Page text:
This brings us back around to Minecraft. In single player mode, the only other beings you ever encounter in that game that are friendly and in any way advanced are the villagers, and they just kind of wander around making weird grunting noises. In Minecraft the enjoyment comes from being creative, from finding resources and doing interesting things with them, but equally I’ve loaded it up before, started a new world and just gone walking, even in peaceful mode. There’s no challenge to it and the list of things you’re liable to encounter isn’t all that long, but you could wile away hours just exploring the progressive world laid out ahead of you. Transmitting yourself into a big, desolate, virtual world is a kind of freeform, self-sustaining storytelling that only games can really achieve.

The freedom to strike out alone and explore new worlds is what attracted to me to video games almost from the outset. I’m not necessarily an introvert or any kind of loner, but I’ve always been able to appreciate that everyone needs time to themselves. I’ve always championed walking as an essential part of a healthy lifestyle, even if it’s just half an hour every other day. Worlds feel more real when you’re free to move around them as an observer, rather than being rushed from checkpoint to checkpoint. Often you’re made to feel like an unwelcome presence, an intruder, particularly in things like Shadow of the Colossus and Metroid Prime (two of my all time favourites), which is an elegantly simple way to help the player understand the story without telling them anything.

jOURNEY GAMEUsing that tool, the actual storytelling component can be deeply complex or simple and straightforward and the sense of worldliness will carry it forward. Take Journey, all you do from start to end of that game is travel forwards towards a mountain, at which point you ascend into some higher plain of existence. There are enigmatic nods to a deeper history and wider universe, but most of it is left to the imagination. Other players appear as muted fellow travellers, it doesn’t matter who they are, their goal is the same as yours. I’m struggling to think of another game which had me so invested in a nameless, wordless sprite. On the opposite end of the spectrum you have something like Dear Esther, which has you moving across a Hebridean island as an emotional, complicated narrative is recounted by your character. It’s more of an interactive story than a game, but the environment around you pulls you into the story and makes it something so much more organic.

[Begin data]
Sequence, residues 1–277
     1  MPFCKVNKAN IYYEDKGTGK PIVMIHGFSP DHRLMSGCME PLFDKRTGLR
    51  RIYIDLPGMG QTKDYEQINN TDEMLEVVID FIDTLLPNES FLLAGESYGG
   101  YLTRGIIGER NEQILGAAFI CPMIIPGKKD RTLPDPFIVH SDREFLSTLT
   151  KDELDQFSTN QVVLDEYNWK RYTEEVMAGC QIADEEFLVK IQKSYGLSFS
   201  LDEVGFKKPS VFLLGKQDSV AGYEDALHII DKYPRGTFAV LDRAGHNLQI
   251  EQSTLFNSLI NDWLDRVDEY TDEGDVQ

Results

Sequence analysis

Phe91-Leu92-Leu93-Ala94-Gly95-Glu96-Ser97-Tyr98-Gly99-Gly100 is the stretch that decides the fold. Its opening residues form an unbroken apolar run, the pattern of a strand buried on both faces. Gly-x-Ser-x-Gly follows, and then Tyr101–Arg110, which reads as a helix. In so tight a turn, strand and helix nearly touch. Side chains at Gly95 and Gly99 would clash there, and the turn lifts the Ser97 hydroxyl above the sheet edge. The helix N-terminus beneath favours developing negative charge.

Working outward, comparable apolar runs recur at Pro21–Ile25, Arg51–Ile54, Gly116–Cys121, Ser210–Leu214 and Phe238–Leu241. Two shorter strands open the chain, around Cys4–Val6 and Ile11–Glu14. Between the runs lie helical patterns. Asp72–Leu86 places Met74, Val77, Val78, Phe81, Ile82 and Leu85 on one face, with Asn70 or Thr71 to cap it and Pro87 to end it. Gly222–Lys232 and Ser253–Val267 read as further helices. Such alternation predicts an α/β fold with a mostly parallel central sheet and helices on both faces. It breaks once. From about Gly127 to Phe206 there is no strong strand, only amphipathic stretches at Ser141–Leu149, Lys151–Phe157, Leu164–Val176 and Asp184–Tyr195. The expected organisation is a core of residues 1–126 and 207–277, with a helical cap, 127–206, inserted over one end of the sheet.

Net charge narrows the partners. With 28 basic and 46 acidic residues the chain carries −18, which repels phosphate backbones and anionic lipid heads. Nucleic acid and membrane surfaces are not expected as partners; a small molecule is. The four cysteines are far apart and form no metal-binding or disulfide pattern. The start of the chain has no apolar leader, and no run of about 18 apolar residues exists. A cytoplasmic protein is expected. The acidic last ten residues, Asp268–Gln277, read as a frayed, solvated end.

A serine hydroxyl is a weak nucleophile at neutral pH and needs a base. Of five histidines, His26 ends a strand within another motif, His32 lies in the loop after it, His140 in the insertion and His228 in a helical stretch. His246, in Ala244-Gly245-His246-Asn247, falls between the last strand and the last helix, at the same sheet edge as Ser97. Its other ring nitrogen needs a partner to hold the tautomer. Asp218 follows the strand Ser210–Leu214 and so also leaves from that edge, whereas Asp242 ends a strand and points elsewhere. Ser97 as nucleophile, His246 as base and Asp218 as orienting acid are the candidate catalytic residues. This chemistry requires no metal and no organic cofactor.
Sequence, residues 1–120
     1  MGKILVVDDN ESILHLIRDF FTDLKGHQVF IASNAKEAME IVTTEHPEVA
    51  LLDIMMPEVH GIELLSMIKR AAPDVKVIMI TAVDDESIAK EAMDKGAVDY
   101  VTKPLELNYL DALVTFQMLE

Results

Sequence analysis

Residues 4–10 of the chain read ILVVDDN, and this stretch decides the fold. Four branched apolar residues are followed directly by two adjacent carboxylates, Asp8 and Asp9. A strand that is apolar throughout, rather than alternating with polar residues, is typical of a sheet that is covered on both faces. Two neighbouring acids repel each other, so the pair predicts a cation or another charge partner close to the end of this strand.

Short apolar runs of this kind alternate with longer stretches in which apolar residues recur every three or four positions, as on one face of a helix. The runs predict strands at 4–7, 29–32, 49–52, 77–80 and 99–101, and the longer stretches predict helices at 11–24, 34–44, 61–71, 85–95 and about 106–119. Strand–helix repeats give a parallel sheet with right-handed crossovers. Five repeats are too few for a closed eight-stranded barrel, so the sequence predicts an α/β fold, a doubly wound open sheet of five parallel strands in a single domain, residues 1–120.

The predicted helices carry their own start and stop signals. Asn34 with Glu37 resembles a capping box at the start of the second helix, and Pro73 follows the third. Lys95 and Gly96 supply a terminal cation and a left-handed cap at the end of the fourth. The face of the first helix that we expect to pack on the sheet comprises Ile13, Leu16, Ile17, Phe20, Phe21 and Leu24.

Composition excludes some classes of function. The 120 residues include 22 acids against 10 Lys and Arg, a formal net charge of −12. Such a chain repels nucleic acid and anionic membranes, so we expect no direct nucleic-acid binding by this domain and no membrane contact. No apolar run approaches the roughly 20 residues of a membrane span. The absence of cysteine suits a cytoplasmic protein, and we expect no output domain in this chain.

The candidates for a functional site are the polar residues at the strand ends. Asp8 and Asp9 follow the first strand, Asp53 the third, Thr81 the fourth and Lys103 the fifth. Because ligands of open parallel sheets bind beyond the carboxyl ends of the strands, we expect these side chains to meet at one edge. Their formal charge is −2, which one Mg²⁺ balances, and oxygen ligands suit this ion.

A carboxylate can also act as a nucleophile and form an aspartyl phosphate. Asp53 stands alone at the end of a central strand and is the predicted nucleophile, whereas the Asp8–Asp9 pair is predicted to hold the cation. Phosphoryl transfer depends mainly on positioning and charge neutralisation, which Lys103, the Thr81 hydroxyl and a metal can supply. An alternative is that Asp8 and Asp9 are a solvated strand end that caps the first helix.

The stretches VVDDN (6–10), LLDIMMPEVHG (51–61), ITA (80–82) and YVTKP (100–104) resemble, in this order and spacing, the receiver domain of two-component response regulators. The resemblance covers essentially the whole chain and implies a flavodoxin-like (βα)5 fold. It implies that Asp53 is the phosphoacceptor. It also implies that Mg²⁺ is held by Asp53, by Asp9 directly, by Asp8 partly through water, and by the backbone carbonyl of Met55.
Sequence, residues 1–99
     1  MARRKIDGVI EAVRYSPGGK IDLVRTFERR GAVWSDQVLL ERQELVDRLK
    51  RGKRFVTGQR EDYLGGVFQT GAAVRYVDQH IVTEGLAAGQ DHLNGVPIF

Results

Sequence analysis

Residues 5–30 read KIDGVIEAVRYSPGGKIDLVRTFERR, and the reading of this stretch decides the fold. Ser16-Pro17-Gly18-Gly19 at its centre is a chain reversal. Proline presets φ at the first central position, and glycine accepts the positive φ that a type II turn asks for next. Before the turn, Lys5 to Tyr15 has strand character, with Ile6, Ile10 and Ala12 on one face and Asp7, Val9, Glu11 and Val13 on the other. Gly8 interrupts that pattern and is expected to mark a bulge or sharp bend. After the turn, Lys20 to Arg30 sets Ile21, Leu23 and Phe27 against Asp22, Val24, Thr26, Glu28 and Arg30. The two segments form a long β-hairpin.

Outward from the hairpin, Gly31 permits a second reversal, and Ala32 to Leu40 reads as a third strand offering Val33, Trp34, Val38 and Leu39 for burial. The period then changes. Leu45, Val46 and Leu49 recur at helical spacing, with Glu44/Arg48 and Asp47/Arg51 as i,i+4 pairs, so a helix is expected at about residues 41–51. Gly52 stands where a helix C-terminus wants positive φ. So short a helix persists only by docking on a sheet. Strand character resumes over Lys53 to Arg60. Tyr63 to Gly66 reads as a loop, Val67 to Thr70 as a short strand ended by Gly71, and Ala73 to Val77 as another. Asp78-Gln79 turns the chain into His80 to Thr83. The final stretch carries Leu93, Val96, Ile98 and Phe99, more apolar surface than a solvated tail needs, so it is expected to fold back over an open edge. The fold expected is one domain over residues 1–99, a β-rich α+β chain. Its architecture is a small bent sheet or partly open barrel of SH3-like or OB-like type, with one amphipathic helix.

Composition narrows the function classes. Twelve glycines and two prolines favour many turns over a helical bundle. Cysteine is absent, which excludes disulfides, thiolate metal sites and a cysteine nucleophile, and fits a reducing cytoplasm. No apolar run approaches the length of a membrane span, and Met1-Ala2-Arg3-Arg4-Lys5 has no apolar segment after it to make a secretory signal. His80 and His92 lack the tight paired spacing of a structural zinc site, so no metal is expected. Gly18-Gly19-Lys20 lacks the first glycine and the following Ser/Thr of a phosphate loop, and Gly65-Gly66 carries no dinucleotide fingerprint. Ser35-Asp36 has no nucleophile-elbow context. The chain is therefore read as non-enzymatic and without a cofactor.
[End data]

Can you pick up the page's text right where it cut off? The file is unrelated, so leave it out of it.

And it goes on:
All kinds of storytelling benefit from treating their settings as characters, but video games have a distinct advantage in this way – they allow you to know that character almost as well as it’s possible to know them. You can explore every inch of that world, know every short cut, every clearing, every safe haven from danger. Sometimes the world changes every time you load up, sometimes it’s constant and in the case of the upcoming No Man’s Sky (pretty much the only reason I’m getting a PS4), it’s almost endless, stretching out so far that it would take thousands upon thousands of hours to see it all. Regardless of that, the experience is fundamentally yours, and yours alone. Loneliness is typically regarded as a negative emotion, but in gaming it really isn’t, it’s a bridge between what the creators are offering and what you’re taking in with you. Even in bustling action games, the slower, more desolate moments are very often the most memorable. The ice climbing section of Uncharted 2, the post-nuke death sequence in Call of Duty 4 and the Normandy crash site in Mass Effect 2 are some standout examples of that.

Ultimately, our enjoyment of storytelling is as much about what we bring to it as what the creators are offering. Different mediums are always going to be better suited at different things, and gaming lays an almost uniquely strong claim to desolation, as well as things like fear, exasperation and guilt. The other difference though is consistency of pace; books, TV shows and films decide on their own how fast things are going to move, the best games leave that decision almost entirely up to you. To feel alone in a game is to feel like you really have been transported to a new world, it’s not even about progressing it’s just about getting out of your head and existing somewhere else for a while. It’s really gratifying to see so many developers making the most of that power now.